Katie Patterson: Mom Scammed Donors Into Believing Her 4-Year-Old Daughter Had Cancer

It seems to be a common occurrence nowadays to hear that someone is using their own kids as a scamming tool in an effort to get hard-earned money from others. This happened when Katie Patterson from Chesterfield County, Virginia, told friends and family that her 4-year-old daughter had cancer. She collected thousands in donations from them, but she was caught in her web of lies after months of deceit.

Patterson was sentenced on December 21 to prison for three months after falsely claiming that her daughter was afflicted with cancer. Friends and coworkers learned that the whole thing was a complete sham.

Richmond Times-Dispatch reports that 26-year-old Patterson resigned from her job as a school bus driver on January 15, 2015, after her hoax was exposed.

Katie Patterson lied about daughter's cancer

When the mom told friends and coworkers that her daughter had leukemia in September 2014, she collected over $2,000 in donations. Her scheming ways were uncovered five months later. It happened when one of the woman’s friends noticed the girl looking perfectly healthy and reported it to a supervisor. When Patterson was confronted about her daughter’s condition, she had a phony doctor’s note which claimed the little girl had cancer. Patterson later on admitted that she was struggling financially and made up the whole story.

On September 28, Katie Patterson pleaded guilty to raking in money due to fabricating the story. As a result, she’s been sentenced to three months in prison and one-year probation.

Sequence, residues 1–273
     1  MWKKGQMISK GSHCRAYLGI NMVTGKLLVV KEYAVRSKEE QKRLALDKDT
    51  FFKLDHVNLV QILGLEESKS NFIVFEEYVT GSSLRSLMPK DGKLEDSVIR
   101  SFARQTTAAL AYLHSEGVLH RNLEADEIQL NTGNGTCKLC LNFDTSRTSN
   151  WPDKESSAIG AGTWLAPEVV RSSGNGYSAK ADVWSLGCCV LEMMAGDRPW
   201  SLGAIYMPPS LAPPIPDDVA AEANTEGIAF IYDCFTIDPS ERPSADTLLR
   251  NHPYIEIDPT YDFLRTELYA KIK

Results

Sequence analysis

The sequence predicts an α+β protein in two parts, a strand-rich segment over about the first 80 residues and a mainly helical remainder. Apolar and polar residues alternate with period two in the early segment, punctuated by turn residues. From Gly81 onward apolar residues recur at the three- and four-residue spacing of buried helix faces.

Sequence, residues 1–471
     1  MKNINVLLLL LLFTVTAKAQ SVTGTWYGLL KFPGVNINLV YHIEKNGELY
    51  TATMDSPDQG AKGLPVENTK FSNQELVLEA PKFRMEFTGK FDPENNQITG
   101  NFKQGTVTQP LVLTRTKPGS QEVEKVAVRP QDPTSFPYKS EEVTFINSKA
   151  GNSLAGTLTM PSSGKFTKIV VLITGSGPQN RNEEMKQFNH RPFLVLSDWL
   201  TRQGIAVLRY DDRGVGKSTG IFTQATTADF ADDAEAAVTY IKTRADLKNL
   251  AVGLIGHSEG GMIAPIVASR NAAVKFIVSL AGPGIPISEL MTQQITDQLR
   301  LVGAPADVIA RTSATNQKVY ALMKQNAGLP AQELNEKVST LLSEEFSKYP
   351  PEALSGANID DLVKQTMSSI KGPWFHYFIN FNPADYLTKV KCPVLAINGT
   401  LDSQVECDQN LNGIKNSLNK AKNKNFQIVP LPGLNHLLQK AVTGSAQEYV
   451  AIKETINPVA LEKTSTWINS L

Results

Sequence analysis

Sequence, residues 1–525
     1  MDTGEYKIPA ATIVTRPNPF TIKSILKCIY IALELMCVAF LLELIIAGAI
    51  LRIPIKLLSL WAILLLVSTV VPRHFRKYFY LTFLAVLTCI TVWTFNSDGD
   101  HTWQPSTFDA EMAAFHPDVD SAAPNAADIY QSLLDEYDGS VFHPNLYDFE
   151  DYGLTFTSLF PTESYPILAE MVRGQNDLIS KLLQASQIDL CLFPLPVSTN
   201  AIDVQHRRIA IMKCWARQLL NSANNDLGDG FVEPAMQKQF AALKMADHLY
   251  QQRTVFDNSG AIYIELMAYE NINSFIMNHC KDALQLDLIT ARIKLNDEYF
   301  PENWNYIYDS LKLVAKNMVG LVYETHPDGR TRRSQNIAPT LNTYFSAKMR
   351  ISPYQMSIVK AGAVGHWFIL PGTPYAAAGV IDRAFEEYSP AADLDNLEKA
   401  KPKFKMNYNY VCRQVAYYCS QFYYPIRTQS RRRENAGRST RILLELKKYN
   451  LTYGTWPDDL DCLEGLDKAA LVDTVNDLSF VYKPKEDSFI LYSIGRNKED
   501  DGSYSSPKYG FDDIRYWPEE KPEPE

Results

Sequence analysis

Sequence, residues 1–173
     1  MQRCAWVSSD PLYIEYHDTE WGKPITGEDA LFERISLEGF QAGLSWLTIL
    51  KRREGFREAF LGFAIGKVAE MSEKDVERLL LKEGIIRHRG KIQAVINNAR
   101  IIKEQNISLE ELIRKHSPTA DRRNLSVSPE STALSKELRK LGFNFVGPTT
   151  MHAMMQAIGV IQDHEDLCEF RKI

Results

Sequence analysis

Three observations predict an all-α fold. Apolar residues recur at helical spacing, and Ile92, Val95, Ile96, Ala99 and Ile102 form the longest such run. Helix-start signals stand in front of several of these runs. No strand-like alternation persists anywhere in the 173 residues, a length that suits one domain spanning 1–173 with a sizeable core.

Judge Frederick G. Rockwell III presided over Patterson’s sentencing, deeming her behavior as “horrible” and being a betrayal of her friends’ trust.

Perhaps one of the saddest parts about this mother lying about her daughter having cancer was the effect it had on a friend who’s also a breast cancer survivor. Deborah Knight went the distance in helping Patterson when she believed that her young daughter was ill, WTRV reports.

Knight testified that Patterson once told her that her daughter wanted to see snow before she died, so she rented a snow-making machine for $300 so she could make one of the girl’s wishes come true. According to the report, this claim was never verified.

Others who fell victim to Patterson’s fraudulent claims were fellow school bus drivers and aides over the course of several months

“She stole their friendships; she stole their hearts,” Chesterfield prosecutor Renee Hewlett told the court.

Coworkers of Patterson who attended the hearing in the courtroom said it wasn’t about the money, but what Patterson put them through emotionally. One of them said Patterson claimed that her father had also died. Ironically, her father was sitting behind Patterson in the court room.

Patterson apologized for the lie and said that it was a story that rapidly “snowballed.”

The mother who made up the deceitful cancer tale about her daughter is now seeking counseling and volunteering at Noah’s Children hospice program; it provides specialized care and support to families with loved ones facing life-threatening health conditions.

Judge Rockwell said that Katie Patterson’s lies made an impact on him because he finds himself questioning people who beg on the street. He said he wonders if they’re telling the truth.

As the report by Richmond-Times Dispatch wrote, “Rockwell then departed above the state guidelines, sentencing Patterson to five years in prison with four years and nine months suspended, and sent her immediately to jail. Patterson earlier had made restitution for an amount that could be documented — more than $2,000 — but her former friends said total donations exceeded $3,000.”

[Image via Shutterstock]